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Coyote Flat via Big Pine Route | Eastern Sierra #1

The Eastern Sierra.

I don't know if they are less well known, harder to get to, or I was just oblivious, but while I've driven past the majestic peaks numerous times - on my way to and from Death Valley - I've never really taken the time to explore the mountain range that boasts the tallest peak (Mt. Whitney, at 14,505 feet) in the contiguous United States.

But, over the last few years - as I've ventured into the Volcanic Tablelands, and here and there within the Owens Valley - I've reveled in the rocky faces and snowy peaks. Now, finally, we'd get a chance to explore - climbing to elevations of more than 12,000 feet - as we lake hop in the Eastern Sierra.

As always, the first day was a long drive down from Washington, and it was a little after 2:00am the following morning when we found our way to the end of a dirt road outside of Big Pine. Near our jumping off point to access Coyote Flat, we quickly pitched the tent and climbed into bed.

I just happened to wake up as the sun was coming over the horizon and popped out of the tent for a few minutes, since I knew I wouldn't get light like this once the fiery ball was fully above the horizon.

Even as the sun hadn't hit the Sierra to the north, the range to the south was glowing brilliantly.

Nestled into the rocks, and already with a bit of sun.

By the time we actually got up - I was quickly back to bed after these shots - we'd gotten about seven hours of sleep - not a full night, but also not bad for having covered so much ground the day before.

Already it was starting to warm up, and with afternoon temperatures forecast for the upper 90s °F in the area, we were glad to be headed for higher elevations; as it was, we were already breaking a sweat as the tent was stowed and the sun beamed down on the distant Owens Valley Radio Observatory.

The OVRO was bustling with activity - dishes spinning frequently - as we watched from afar.

Everything packed up, and breakfastless - we'd decided to try our trail-mix-for-breakfast-strategy again - we pointed the Tacoma west and began the climb from 4500' to more than 10,300' in just under eight miles. Needless to say it was steep, and I'd heard plenty of chatter about the road to Coyote Flat from Big Pine, so I let @mrs.turbodb know that there was a slight chance we'd be turning around and accessing the area via the "normal" route, from Bishop.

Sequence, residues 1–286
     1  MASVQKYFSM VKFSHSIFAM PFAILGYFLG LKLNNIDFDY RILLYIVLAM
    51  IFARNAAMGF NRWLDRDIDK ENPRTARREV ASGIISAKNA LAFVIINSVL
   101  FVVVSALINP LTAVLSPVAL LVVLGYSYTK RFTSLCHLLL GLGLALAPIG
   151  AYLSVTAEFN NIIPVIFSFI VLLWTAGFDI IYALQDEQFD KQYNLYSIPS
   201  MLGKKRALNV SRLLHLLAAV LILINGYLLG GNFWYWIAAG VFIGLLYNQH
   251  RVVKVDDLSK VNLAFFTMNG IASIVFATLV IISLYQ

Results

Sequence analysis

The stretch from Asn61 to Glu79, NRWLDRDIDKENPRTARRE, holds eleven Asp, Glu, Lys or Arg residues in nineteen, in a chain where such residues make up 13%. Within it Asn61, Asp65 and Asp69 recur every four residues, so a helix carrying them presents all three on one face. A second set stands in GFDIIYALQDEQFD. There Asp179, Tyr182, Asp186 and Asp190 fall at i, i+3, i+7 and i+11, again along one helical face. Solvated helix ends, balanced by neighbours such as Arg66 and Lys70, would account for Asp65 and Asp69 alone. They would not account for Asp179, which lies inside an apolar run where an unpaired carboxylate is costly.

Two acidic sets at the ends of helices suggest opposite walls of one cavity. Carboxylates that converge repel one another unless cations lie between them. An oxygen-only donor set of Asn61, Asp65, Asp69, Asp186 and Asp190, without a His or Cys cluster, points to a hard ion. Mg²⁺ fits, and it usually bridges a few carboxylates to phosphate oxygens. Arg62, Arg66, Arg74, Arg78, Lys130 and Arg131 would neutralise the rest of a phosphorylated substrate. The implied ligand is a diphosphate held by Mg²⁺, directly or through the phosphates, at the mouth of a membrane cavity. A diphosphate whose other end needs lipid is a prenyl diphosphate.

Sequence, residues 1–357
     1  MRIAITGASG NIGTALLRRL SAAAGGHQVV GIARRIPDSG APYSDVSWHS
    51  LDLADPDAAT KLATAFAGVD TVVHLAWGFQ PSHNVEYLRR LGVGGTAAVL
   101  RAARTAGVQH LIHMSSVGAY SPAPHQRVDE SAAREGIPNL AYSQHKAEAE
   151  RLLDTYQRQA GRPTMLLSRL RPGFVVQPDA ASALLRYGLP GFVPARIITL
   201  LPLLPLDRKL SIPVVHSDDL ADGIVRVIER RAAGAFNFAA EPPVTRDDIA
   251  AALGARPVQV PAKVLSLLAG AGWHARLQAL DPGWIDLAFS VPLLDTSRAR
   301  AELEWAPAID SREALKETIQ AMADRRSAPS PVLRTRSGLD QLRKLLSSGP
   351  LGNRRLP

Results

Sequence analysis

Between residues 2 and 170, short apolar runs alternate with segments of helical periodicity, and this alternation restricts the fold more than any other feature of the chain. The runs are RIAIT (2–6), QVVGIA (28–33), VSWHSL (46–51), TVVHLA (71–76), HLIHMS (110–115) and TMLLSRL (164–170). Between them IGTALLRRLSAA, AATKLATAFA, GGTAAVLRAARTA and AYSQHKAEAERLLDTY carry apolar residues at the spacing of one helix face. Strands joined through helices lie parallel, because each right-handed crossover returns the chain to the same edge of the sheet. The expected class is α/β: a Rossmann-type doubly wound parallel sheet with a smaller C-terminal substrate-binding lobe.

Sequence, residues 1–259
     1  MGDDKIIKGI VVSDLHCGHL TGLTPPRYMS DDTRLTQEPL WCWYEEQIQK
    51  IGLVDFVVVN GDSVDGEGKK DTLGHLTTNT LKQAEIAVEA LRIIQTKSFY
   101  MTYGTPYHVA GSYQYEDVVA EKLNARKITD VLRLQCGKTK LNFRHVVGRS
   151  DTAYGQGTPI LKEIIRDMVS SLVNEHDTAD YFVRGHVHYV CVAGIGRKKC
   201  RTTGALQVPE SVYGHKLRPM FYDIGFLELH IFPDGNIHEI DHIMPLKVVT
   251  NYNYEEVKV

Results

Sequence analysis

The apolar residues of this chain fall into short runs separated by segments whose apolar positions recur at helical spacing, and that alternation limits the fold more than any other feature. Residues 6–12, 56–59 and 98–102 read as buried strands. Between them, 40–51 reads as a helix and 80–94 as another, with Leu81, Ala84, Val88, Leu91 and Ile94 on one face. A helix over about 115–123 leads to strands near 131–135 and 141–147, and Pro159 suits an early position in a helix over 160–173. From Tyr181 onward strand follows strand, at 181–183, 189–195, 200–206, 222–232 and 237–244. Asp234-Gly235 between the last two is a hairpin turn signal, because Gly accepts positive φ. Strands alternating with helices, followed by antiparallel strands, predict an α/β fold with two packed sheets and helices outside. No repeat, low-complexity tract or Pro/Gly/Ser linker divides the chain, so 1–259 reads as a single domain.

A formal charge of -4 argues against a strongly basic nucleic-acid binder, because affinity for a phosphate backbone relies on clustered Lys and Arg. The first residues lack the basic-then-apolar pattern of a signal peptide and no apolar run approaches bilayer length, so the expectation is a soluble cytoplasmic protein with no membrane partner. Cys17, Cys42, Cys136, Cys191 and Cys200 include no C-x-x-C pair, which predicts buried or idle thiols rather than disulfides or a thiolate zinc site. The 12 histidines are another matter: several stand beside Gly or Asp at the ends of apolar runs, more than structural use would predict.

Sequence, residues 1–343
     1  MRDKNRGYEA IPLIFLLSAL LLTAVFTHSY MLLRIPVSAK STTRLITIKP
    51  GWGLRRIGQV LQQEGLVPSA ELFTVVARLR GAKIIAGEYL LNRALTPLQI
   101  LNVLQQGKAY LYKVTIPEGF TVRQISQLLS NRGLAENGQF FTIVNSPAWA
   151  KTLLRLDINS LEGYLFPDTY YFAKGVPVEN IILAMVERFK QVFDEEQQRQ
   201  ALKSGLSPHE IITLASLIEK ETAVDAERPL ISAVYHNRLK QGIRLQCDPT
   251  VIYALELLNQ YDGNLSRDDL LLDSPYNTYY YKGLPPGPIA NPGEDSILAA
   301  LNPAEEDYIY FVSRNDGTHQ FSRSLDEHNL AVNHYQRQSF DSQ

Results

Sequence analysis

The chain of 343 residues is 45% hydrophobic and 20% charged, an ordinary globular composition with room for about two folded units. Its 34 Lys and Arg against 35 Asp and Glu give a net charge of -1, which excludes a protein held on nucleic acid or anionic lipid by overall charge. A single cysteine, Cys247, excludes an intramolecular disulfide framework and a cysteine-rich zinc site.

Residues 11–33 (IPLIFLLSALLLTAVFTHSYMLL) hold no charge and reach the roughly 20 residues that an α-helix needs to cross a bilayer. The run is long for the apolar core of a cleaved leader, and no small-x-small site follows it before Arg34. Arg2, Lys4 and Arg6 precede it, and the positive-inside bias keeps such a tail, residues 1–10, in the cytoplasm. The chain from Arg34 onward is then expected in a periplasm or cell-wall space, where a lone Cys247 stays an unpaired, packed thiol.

Up we go, lots of loose rocks and dirt made for slippery conditions without good line choice.

Along the way, several nice viewpoints presented themselves.

Steeper than it looks.

A first peek at the peaks that we seek.

I don't know exactly what to call the hills immediately west of Big Pine, but their composition seems to be significantly different than that of the Sierra just a bit further west. More like the composition of Alabama Hills or Buttermilk Boulders - a yellowish granite covered with high-desert shrubs - I really enjoyed the trail as it wound through the outcroppings, glancing back from time to time at the Inyos behind us.

This Golden Eagle had an amazing wingspan, and just seemed to float off of the rocky outcropping when we drove by.

Looking down to Big Pine, and a road stretching up into the Inyos and Death Valley.

As we gained elevation, the terrain began to change. Not in the Inyo Mountains, this was still the Inyo National Forest, and slowly trees began to dot the landscape. They were sparse to be sure, but their green needles were a nice contrast to the otherwise-very-dry-looking hillsides.

As we neared 8700', temperatures had dropped enough, and there was a bit more precipitation throughout the year; enough to support tree growth.

In the distance, a splash of yellow from fall aspen.

An F-35 roared by overhead. Too high for any real detail, but still plenty loud!

With all the stopping to admire views and take photos - something that my passenger is quite patient about, and had prepared for by bringing her Kindle loaded with Dune House of Harkonnen - our eight-mile, 6,000' ascent, took the better part of two hours. Of that, the trail seemed in reasonably good condition - though I recognize that difficulty is different for every driver - with only one section containing large enough rocks that some careful line choice was necessary.

For me, it was a fun little section, over too soon, the Tacoma handling it well.

I just kept wishing we were "one ridge over," so we'd get a better view of the Sierra. It wouldn't be long until that's exactly where we were!